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ArlingtonDemocrats OK caucus rules as first candidates emerge

Democrats OK caucus rules as first candidates emerge

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The 2022 Arlington County Democratic Committee School Board caucus will be an in-person-only affair with the controversial party-loyalty oath retained, based on rules adopted by the party’s rank-and-file on April 6.

Democrats will select their School Board endorsee during four days of voting in June, using the instant-runoff format that has been a familiar feature of Democratic caucuses in recent years.

“This is going to be a big challenge. It’s going to take an awful lot of volunteers,” party chair Steve Baker said of the return to in-person caucus voting for the first time since 2019. In 2020, as the pandemic was raging, Democrats selected two School Board candidates by mail-in ballot; in 2021, voting was largely conducted online for the lone seat on the ballot.

Voting dates and places for 2022:

• Saturday, June 4 at Lubber Run Community Center.
• Sunday, June 5 at Dr. Charles Drew Elementary School.
• Tuesday, June 7 at Campbell Elementary School.
• Saturday, June 11 at Washington-Liberty High School.

Results are expected the evening of June 11.

At the April 6 meeting, a proposal to include some form of absentee voting was rejected as being too logistically complex.

Among changes to previous procedures: The filing fee for candidates was eliminated and language was eliminated that had required that losers in the endorsement race agree not to run in the general election.

But several other provisions stayed intact.

Baker said the Democratic Party of Virginia had ruled that Arlington Democrats couldn’t remove the “loyalty oath” required of those who vote in the Democratic caucuses. Those taking part in those elections long have been required to sign a pledge that they are Democrats and will not support any non-Democrats in the subsequent general election. Those who won’t sign can’t vote.

The panel that looked over possible revisions also couldn’t find a way to address the question of whether federal-government employees covered by the Hatch Act are allowed to run. That issue became contentious in 2020, when a candidate was forced out of the Democratic caucus over a Hatch Act complaint.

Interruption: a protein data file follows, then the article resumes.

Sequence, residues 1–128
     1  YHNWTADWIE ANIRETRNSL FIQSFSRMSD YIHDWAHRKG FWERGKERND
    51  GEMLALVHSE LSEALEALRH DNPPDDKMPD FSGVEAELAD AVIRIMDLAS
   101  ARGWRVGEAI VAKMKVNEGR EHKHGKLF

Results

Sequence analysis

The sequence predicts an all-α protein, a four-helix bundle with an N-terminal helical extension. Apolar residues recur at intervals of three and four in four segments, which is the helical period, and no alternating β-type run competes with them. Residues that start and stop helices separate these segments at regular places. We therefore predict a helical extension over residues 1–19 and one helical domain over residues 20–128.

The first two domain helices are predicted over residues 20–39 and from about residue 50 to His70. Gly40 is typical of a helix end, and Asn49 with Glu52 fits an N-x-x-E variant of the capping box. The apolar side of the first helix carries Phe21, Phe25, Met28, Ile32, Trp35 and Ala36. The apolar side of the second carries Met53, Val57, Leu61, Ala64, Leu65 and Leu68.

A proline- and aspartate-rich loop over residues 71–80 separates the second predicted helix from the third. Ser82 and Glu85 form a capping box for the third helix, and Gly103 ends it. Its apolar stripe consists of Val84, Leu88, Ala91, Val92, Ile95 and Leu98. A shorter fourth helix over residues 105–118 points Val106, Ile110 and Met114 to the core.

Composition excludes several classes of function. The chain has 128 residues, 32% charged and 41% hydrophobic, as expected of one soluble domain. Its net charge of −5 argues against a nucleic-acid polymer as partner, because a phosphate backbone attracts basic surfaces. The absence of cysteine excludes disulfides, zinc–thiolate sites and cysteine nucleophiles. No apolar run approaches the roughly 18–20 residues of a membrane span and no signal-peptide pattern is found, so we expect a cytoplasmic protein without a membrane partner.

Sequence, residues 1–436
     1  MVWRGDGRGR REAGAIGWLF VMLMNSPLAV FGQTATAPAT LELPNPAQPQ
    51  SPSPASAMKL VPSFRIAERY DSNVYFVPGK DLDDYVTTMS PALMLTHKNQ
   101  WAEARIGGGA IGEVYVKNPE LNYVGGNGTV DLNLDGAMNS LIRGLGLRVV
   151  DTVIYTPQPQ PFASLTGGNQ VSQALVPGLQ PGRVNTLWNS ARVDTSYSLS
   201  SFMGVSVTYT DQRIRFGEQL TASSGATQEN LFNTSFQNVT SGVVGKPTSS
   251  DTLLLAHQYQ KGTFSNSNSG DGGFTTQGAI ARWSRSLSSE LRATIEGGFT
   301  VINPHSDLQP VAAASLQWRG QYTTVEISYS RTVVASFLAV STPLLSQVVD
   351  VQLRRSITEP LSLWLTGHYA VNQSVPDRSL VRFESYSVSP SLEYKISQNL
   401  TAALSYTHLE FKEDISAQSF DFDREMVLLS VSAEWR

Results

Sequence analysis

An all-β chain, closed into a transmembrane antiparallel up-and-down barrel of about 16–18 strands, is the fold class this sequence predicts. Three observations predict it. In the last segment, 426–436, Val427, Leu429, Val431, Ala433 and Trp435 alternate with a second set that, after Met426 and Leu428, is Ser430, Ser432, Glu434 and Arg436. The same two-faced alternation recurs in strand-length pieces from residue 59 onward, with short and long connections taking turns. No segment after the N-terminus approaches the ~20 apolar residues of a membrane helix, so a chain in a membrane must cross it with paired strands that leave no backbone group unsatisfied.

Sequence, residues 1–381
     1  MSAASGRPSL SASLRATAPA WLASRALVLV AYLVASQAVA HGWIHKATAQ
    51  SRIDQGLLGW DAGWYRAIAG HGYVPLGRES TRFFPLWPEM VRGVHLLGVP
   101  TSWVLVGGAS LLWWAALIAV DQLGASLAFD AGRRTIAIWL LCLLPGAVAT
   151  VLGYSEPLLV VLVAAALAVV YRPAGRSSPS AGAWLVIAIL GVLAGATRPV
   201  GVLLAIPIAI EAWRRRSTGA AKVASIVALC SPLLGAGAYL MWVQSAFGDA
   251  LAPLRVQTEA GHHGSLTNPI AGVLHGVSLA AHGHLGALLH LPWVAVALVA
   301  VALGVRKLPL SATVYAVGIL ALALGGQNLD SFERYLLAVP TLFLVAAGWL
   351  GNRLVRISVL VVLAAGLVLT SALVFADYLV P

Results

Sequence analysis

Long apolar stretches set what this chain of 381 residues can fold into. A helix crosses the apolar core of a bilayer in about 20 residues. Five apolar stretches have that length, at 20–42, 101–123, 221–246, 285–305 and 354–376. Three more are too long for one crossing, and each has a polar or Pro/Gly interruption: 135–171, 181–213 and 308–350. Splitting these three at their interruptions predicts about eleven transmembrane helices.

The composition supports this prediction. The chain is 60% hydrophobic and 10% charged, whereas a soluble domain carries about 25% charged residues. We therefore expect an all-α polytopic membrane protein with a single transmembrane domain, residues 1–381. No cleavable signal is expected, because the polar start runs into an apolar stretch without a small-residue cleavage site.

Despite looking into the matter, “We were not able to come up with a solution” to Hatch Act concerns, Baker said.

Democrats are seeking an endorsee for the lone seat on the November ballot; incumbent Barbara Kanninen opted against running for a third four-year term.

Despite criticism of the process, Democrats in February voted overwhelmingly to retain the caucus process, which serves as a de-facto community election. No candidate has won a School Board seat without first winning the Democratic endorsement since independent David Foster won successive elections in 1999 and 2003.

The April 6 meeting saw the first candidates announcing plans to run: Brandon Clark, a teacher in the county school system, and Bethany Sutton, chair of the school system’s Advisory Council on Teaching and Learning. Democrats seeking the party endorsement for School Board have until April 27 to file.

Under state law, School Board seats officially are non-partisan, but political parties can “endorse” candidates rather than formally nominating them – largely a distinction without a difference. County Republicans largely have avoided fielding a candidate in recent years, ceding the field to Democrats and the occasional independent.

For those seeking to run in the general election as a true independent, the filing deadline is mid-June.

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